Michigan Ross’s Rajan: Bitcoin Drives The Crypto Train

Uday Rajan of Michigan Ross is Poets&Quants' Professor of the Week for his research on Bitcoin

Uday Rajan of Michigan Ross is Poets&Quants’ Professor of the Week for his research on Bitcoin

Cryptocurrencies may not be as hyped as they were in late 2017 and 2018, but they have rebounded nicely from their lows after the crypto bubble burst. The crypto market, worth more than $800 billion at its peak, now has a market capitalization just shy of $250 billion, about what it was in November 2017.

Cryptocurrencies have been around for a while, but as they proliferate (the website coinmarketcap.com tracks more than 2,000 of them) and more data becomes available, academics have started studying the crypto phenomenon more intently.

One of the latest and most thorough studies comes from Poets&Quants’ Professor of the Week, Uday Rajan of the University of Michigan’s Ross School of Business. The working paper, called  Cryptocurrencies: Stylized Facts on a New Investible Instrument” and written in 2018, was co-authored by Christine Parlour of the Haas School of Business at UC Berkeley and former Haas graduate student Albert Hu.  


Rajan and his colleagues were able to quantify cryptocurrencies’ daily volatility—it’s huge—and compared coin offerings to initial public offerings of stocks. But their most important finding was how much the crypto solar system revolves around Bitcoin, the biggest and best-known cryptocurrency.

Cryptocurrency is a form of digital currency that uses encryption for security. Some cryptocurrencies, like Bitcoin, use blockchain technology to register transactions and public and private “keys” to securely transfer cryptocurrencies between users. It has no central or issuing authority, like a central bank, but is instead decentralized, which is a big part of its appeal.

Bitcoin dominates the crypto market by sheer size—it’s market value of $136 billion as of June 6th comprised more than half the total market capitalization of the whole crypto universe, according to coinmarketcap.com. That and its tradability compared with the many less liquid crypto instruments makes it the benchmark for the whole asset class.


Using the CoinMarketCap database for 2013 to 2017, the researchers tracked the price movements of Bitcoin and 221 alternative cryptocurrencies. They found that the mean correlation–a measure of how much any two variables moved in tandem—between the crypto alternatives and Bitcoin was higher (0.17 to 0.21) than for either gold or the excess return of the S&P 500 index, which were both near zero. The highest correlation between two asset classes is 1, while -1 means they’re going in the opposite direction. Individual cryptocurrencies had correlations with Bitcoin as high as 0.5.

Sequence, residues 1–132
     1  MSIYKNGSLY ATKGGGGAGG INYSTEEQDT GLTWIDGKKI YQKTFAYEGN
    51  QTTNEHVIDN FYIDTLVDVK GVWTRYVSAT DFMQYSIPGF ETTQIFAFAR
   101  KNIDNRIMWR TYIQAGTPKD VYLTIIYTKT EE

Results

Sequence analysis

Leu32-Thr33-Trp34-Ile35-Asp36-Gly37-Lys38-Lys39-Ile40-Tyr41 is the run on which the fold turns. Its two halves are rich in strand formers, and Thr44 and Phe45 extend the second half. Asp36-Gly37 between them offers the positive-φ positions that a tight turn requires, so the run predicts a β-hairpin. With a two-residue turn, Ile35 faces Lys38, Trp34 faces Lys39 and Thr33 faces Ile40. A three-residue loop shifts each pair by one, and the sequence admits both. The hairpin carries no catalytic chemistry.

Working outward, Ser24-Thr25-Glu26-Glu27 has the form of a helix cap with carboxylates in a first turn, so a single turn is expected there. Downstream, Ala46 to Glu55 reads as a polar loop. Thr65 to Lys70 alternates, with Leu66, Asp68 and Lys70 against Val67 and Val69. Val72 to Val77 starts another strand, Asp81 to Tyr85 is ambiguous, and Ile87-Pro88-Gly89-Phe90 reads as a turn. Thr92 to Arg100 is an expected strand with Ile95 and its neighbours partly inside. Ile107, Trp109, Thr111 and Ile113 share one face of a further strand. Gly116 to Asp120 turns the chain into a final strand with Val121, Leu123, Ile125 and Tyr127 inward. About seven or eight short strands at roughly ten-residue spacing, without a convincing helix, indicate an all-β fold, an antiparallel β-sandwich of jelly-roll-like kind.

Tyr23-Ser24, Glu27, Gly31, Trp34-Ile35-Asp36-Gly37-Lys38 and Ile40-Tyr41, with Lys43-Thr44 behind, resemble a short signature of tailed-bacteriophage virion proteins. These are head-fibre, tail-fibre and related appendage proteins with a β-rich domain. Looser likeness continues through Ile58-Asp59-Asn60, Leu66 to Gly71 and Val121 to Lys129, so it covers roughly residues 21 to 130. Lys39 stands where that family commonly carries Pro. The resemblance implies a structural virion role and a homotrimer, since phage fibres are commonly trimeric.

The researchers also were able to quantify the volatility of cryptocurrencies—their mean daily return over the period of their sample was what they called a “remarkable” 2.53% (median return of 1.8%) as of late November 2017. With the Dow Jones Industrial Average trading around 25,000, that would be the equivalent of 500-600 Dow points a day. 

Rajan and his co-authors also did a deep dive into initial coin offerings (ICOs), a popular way for investors to get into what has been to date an unregulated financial market. By contrast, initial public offerings of stocks (IPOs) are heavily regulated and tightly controlled by issuers and their investment banks. 


The researchers examined 64 ICOs that took place between 2013 and 2017. During that time of increasing interest in crypto, the median pop for the first day’s trading in the ICO was 115%, and the ICOs added 29% more over the first month. 

Some 98 U.S. IPOs had a mean first-day return of 12.1% in 2016, with a mean return to the end of the year of 26.5%. “IPO returns appear to be significantly less volatile than ICO returns,” the researchers write.

Rajan, 55, the David B. Hermelin Professor of Business Administration and the Chair of Finance and Real Estate at Michigan Ross, focuses his research on “informational frictions” such as adverse selection and moral hazard and how they affect market transactions. He recently taught classes in valuation and financial management for MBAs and how to model asymmetric information for Ph.D. students.

Rajan got his BA from the University of Delhi, his master’s degree from Carnegie-Mellon University (where he also taught for a few years), and his Ph.D. in economics from Stanford. He has been at Michigan Ross since 2004. 

Early in his career, he was vice president of fixed income research at Drexel Burnham Lambert, the firm that “junk bond king” Michael Milken made famous—and controversial—before its historic collapse in 1990.

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